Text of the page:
October 15, 2021, 10:22 AM · Don't consult an accountant. Just do whatever some amateur violinists on the internet suggest. What you save on accountancy fees can be spent on a new set of strings or a cake of REALLY great rosin.

Just wanted to give an alternative viewpoint...

October 15, 2021, 10:48 AM · Has your morning coffee kicked in yet?
October 15, 2021, 11:24 AM · Actually it can be very helpful to consult others musicians and violinists - I know I had a lot of conflicting information on whether or not a violin could be considered a depreciating asset, if it actually is expected to appreciate in value, etc. Yes, talk to an accountant, but see how other violinists have handled it. Not every accountant - or violinist - will give the same advice.
October 15, 2021, 1:39 PM · IIRC, the depreciation will be charged against income, BUT as the book value drops, the eventual capital gain upon a sale will go up. How that plays through if you trade it for an even more valuable instrument, etc., is something an accountant will be able to walk you through. Tax law isn't always logical.

Obviously, if you plan to hold it until your death, then that becomes less of a problem.

October 15, 2021, 2:03 PM · there is a niche specialty for financing and depreciating musical instruments. If there's a lot of money involved, seek this out. This is one reason the most expensive instruments have become so much more expensive in the last several years!
October 15, 2021, 2:34 PM · I read an article about a young violinist (Zoe Martin-Doike) who is now studying accounting due to COVID.

She seems to excel at everything she does so it might be worth contacting her.

October 16, 2021, 9:51 AM · I agree with Laurie, but so far I haven't seen a reply from anyone whose situation is the same as the OP -- taking out a loan for an instrument for professional work.

What seems to "make sense" is that the purchase of the violin would be deductible as a business expense. The question is whether the loan is income and the loan payments business expenses. That's a better question for an accountant because it probably depends on all kinds of other stuff.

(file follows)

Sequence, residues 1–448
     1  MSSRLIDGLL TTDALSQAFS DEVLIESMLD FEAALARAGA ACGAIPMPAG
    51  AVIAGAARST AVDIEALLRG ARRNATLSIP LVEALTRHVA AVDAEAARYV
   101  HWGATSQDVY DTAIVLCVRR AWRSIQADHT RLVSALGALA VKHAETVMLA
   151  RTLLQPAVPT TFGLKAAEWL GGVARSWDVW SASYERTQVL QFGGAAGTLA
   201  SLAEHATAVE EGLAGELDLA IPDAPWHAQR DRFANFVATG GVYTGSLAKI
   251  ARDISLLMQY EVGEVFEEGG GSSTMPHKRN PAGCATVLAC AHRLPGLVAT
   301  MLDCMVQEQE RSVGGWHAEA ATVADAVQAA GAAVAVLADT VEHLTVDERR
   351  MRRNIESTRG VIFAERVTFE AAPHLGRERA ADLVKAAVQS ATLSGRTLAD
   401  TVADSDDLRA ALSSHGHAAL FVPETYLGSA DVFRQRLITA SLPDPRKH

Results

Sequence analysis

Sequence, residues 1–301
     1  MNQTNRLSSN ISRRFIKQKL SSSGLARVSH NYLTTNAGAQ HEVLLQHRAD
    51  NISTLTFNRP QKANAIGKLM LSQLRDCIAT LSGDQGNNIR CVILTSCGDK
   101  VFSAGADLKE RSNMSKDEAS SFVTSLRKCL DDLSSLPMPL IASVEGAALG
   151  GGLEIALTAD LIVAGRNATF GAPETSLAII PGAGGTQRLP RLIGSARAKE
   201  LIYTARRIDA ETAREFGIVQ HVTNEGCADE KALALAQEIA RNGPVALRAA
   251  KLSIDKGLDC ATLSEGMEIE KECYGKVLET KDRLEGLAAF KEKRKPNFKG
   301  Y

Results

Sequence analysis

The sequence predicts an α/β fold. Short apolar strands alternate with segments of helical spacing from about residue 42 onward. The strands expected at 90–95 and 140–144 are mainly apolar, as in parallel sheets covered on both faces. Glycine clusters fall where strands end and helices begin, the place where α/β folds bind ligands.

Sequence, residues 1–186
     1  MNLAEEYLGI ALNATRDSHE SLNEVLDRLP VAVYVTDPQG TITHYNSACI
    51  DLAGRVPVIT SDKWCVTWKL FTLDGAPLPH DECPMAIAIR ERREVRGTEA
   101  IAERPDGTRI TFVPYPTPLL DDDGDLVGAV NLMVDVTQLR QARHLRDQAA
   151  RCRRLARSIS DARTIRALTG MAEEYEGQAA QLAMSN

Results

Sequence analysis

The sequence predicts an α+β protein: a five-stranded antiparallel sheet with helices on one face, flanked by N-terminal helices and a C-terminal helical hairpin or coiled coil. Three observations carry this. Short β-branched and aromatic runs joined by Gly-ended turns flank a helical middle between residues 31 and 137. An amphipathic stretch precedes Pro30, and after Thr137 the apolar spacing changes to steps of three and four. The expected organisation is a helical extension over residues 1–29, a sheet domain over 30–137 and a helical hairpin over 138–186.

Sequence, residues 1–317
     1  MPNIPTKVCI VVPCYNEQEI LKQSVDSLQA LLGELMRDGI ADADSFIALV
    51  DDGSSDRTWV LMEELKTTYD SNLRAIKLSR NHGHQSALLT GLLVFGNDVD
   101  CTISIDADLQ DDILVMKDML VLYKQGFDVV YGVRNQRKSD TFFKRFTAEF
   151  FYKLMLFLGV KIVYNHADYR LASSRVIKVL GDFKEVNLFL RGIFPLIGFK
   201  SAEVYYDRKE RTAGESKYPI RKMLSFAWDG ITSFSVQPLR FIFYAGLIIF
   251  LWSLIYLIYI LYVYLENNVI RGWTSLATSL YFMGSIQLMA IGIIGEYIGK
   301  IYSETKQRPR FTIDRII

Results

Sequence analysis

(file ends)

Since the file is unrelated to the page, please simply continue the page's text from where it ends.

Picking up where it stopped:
October 16, 2021, 10:56 AM · Even Reverse Mortgage income is not taxed as income. It is treated as a loan.
October 16, 2021, 11:55 AM · I can tell you from personal experience that this question is complicated, and you can get different advice from different accountants.
October 16, 2021, 12:37 PM · Normally loan payments are not deductible. Lease payments, yes, but that is a little complicated for a non-Cremonese instrument.

There are some things you can write off at the time of purchase. Other, (generally larger) purchases have to be depreciated over time. For navigating that, you need to know what the state of the law is.

Edited: October 16, 2021, 6:00 PM · The loan is not income, no different from buying the violin with a credit card. If it is truly professional the interest on the loan would be deductible as an expense along with the cost of the violin (not the payments). Currently, in equipment purchases you can elect to write off the entire purchase price up to a pretty high limit the first year, or spread out over the purchase life, which can be 3-30 years depending on what category it falls into. Seems like the only complications are if they questioned violin playing was a business (income wise) or the appreciation of the violin, most things depreciate after purchase. And if you sold it later there would be tax issues, money owed on that depreciation.
Having said all that, as has been said, ask an accountant.